“When ships come up, water has to be pumped in from the sea,” says Andrews. “How do you get enough water to raise these massive ships? Both sides of the environmental fence are trying to determine, ‘How much impact will this expansion have?’” he says.

Impact downplayed

Prior to the start of the expansion, the Panama Canal Authority (ACP) conducted research to determine the overall environmental impact of the project, including an investigation into the potential to alter Lake Gatun’s salinity. All reports found that the environmental impact would be minimal, according to Daniel M. Muschett Ibarra, who works for the ACP’s Department of Engineering and Programs Administration and is overseeing the environmental aspects of the expansion.

“With our experience in the operation of that system, there is small interchange of water at the entrance of the locks to the lake,” Mr. Ibarra says. “But that salt water does not move beyond that point. We’ve been monitoring throughout the operation and there is no possibility of the lake becoming brackish.”

Ibarra says the impact of the increase in salt water is softened through the creation of three new water-saving basins. Water from these reservoirs will be used to raise and lower ships, protecting the fresh water in the canal’s watershed.

“The fresh water character of the Gatun Lake will not be changed,” he says. “We have a dedicated work force that follows through on a monthly basis to make sure we are compliant with the environmental impact study. Then we have an independent consultant that gives reports to the government.”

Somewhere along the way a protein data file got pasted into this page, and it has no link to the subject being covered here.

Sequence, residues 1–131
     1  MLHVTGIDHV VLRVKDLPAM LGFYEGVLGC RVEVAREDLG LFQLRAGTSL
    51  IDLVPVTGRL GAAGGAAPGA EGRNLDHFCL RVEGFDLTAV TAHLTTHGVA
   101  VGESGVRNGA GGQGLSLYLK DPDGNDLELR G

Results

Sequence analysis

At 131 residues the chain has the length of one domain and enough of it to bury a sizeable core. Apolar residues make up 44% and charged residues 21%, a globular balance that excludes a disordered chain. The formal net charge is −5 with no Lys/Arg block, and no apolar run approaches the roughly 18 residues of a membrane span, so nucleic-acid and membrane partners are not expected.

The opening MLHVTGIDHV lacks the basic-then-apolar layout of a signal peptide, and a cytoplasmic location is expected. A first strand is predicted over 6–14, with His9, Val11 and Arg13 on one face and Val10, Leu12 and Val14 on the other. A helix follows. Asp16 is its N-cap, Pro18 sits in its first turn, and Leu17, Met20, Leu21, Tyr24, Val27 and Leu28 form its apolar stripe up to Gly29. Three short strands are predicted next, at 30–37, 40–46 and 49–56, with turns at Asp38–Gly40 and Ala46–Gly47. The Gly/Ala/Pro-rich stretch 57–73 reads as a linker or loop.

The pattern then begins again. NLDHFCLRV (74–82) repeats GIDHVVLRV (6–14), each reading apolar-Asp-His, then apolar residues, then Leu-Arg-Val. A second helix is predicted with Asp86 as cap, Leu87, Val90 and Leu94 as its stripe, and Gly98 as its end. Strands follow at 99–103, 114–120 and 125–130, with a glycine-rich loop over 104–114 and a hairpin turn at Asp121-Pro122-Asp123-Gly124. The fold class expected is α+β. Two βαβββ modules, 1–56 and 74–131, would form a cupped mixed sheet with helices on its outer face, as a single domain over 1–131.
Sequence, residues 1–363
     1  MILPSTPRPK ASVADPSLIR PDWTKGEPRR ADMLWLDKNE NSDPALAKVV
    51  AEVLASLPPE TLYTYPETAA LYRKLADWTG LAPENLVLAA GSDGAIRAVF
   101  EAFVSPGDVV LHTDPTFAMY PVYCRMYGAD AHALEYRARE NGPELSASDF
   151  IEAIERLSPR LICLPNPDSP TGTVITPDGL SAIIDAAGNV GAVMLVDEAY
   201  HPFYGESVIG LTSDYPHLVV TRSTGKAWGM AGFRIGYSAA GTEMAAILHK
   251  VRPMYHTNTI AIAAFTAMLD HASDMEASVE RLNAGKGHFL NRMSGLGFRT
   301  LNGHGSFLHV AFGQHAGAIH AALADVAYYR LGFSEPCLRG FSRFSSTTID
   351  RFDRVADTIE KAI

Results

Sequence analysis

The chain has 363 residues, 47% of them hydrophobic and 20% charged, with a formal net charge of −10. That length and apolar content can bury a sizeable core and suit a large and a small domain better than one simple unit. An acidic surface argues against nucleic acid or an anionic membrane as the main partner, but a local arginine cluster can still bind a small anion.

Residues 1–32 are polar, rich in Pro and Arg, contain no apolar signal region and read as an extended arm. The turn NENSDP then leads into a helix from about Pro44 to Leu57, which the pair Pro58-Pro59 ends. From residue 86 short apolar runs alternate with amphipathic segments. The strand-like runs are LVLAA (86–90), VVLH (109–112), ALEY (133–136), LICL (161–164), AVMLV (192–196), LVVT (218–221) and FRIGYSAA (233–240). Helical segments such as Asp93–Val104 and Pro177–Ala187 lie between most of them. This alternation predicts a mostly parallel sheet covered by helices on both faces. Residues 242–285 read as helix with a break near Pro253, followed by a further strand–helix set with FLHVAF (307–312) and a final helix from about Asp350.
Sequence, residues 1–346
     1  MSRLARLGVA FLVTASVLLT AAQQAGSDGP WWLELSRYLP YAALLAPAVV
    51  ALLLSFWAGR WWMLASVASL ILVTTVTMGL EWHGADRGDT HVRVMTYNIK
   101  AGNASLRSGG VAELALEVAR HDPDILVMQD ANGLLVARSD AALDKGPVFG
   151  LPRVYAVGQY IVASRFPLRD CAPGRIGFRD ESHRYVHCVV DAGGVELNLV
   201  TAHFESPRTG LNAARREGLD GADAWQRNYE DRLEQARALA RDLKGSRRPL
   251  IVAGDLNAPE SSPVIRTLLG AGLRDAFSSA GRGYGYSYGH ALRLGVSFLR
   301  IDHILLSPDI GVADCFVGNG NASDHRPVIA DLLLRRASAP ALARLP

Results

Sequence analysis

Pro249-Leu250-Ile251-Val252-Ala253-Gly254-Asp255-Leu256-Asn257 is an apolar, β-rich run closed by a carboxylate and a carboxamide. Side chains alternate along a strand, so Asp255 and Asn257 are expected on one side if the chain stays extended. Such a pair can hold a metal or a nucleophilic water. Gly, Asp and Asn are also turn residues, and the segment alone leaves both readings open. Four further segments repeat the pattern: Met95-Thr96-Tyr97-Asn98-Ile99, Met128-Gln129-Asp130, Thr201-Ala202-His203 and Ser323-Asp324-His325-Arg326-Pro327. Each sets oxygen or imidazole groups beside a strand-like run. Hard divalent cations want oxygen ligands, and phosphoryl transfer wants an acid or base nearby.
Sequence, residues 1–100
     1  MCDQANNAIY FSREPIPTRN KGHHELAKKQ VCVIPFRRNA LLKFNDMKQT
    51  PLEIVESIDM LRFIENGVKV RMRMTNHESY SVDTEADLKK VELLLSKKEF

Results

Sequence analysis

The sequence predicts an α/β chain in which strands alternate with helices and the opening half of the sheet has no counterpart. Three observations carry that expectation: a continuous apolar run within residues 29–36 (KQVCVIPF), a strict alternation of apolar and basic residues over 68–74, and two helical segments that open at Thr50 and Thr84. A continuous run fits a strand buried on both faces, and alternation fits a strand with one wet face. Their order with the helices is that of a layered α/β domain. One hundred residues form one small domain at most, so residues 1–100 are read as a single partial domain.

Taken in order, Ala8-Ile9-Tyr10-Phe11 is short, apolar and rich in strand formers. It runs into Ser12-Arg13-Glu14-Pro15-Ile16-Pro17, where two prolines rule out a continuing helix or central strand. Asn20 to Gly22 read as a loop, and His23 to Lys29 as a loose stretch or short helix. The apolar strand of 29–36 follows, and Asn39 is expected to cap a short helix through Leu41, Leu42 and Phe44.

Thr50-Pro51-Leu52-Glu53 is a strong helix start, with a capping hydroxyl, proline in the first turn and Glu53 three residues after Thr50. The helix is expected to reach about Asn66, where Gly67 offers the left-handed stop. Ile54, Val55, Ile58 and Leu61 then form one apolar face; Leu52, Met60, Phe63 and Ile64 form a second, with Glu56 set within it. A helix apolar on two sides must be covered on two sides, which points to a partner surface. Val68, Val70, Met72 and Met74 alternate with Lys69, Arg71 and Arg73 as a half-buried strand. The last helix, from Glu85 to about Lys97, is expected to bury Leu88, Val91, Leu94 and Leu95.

Global economic impact

While the environmental impact of the project is still up for debate, the economic benefit, both for Panama and the global economy, will undoubtedly be enormous. According to Ergo’s Andrews, ports along the east coast are hurrying to up their intake capacity, automate ports, and build rail facilities to move cargo containers to consumers as fast as possible.

The expansion also has the potential to increase trade between Asia and the United States. Post-Panamax ships are currently only able to unload at West Coast ports, where cargo was shipped by rail to markets in the eastern United States. After the expansion, these ships will be able to unload on the East Coast, lowering the cost of Asian goods.

The project also has an impact on Panama’s economy. The ACP claims that the canal expansion improves Panama’s long-term jobs outlook. It also will vastly increase canal revenue, the lifeblood of the Panamanian economy. Panamanian officials say the completion of the project will make Panama the strongest economy in Central America.

But Mr. Jones of Panama News said these projections, which were used to sell Panamanians on the project, are premature and unproven.

“The culture of the people that run the canals is that any obstacles to expansion can be removed,” he says.